Madison City Schools Board unveils 2011 budget at public hearing
The Madison City Schools Board of Education unveiled its 2011 budget Thursday, Sept. 2 at the first of two required meetings.
This year’s budget projects approximately $88 million in revenue, with $115 million in expenditures.
Nearly $28 million of expenditures will go towards building the new high school, and all of that money comes from reserves from previous years.
The general fund budget is approximately $69.8 million in revenues, and $69 million in expenditures.
“We tried to use all the resources that are available,” said David Smith, the system’s financial advisor. “We tried to utilize every single dollar we could.”
Smith said this year’s budget is as conservative as it can be in both revenues and expenses, as the system prepares for 2012.
“What happens in 2012? All your stimulus money goes away,” Smith said.
Although state revenues are down in many areas, local revenues remain steady, and Smith said that is a good thing.
“Funding our education system is a local responsibility,” Smith said.
Regardless of how dire the state’s revenue outlook is, Superintendent Dr. Dee Fowler said the system must stay the course.
“Over the last two years, we’ve been cut by the state … $7 million,” Fowler said. “We have to suck it up and go.
“Our revenues are going down, but we’re maintaining our quality,” Fowler added.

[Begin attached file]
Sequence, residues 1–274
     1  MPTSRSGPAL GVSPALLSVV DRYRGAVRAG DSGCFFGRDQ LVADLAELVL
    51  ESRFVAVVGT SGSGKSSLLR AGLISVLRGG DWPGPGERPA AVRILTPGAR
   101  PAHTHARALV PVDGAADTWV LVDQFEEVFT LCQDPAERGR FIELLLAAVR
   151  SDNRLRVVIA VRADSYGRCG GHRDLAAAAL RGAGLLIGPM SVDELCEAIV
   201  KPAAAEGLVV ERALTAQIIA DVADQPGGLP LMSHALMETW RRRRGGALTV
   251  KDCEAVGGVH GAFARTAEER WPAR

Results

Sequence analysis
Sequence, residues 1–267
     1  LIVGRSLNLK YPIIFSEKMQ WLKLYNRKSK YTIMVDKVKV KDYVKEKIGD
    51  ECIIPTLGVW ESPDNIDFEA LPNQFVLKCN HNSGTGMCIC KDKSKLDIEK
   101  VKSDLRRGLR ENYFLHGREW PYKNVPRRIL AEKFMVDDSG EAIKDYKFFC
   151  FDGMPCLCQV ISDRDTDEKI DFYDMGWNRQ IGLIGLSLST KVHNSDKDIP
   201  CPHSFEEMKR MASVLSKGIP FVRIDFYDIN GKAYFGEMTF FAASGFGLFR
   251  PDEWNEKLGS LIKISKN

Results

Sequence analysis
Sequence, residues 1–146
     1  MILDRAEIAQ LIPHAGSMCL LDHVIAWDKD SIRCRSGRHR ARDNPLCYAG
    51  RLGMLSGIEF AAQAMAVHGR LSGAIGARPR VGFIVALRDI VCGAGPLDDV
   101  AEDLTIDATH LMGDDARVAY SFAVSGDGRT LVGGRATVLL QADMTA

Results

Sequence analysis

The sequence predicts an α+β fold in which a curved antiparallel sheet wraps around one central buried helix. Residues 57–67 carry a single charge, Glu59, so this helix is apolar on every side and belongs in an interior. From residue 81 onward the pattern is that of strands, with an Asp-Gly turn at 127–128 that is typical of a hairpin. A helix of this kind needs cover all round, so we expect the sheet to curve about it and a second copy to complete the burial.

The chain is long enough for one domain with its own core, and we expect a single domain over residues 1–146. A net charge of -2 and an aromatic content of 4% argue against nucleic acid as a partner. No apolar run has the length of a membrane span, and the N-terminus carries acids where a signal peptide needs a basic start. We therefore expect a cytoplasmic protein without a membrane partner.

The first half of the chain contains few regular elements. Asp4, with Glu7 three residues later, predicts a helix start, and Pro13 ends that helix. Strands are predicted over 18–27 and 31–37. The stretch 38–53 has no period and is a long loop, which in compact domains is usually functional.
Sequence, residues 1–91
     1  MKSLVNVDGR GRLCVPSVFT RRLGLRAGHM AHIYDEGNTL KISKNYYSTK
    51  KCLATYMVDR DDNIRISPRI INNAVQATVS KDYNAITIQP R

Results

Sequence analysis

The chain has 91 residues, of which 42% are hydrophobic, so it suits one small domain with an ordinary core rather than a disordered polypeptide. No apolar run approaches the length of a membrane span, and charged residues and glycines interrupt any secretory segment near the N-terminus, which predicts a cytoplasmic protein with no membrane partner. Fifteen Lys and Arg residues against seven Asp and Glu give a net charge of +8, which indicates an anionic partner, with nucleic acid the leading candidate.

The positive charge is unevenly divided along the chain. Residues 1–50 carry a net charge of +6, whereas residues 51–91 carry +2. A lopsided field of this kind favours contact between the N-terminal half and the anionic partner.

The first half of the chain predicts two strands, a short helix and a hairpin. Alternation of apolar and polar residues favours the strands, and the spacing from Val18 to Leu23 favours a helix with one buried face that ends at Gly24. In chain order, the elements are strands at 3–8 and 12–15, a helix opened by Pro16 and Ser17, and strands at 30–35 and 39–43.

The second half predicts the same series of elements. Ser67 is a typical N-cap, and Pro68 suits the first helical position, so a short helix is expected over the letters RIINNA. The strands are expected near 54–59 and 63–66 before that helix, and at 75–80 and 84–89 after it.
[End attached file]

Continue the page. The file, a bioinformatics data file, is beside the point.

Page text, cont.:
Also during the presentation, Smith broke down enrollment at each school, with Mill Creek Elementary and Bob Jones High leading the way with 58 and 54 additional students respectively, while Horizon Elementary and Discovery Middle each lost the most students with 47 and 44 respectively.
Overall, Fowler said he would like to have an 18 to 1 ratio of students per teacher in grades K-3 and 26 to 1 ratio from grades 4-6.
Although most all schools are close to that number, Fowler said hitting those numbers exactly is not possible in this current economic climate.
“To get K-3 to 18 to 1, and 4-6 to 26 to 1, we would have to add 13 teacher units,” Fowler said. “We can’t afford 13 additional teachers in K through 6.”
Despite lower revenues, looming proration, slowed enrollment gains and the additional expenses of a new high school, Board President Ray White said the budget is a great step toward preparing the system of the anticipated woes of 2012.
“It’s all about getting ready for next year. That’s the stormy day we’ve all been talking about,” White said. “We’ve got to plan for proration.”
The next hearing on the budget will be Thursday, Sept. 9 at 5 p.m. at the Central Office.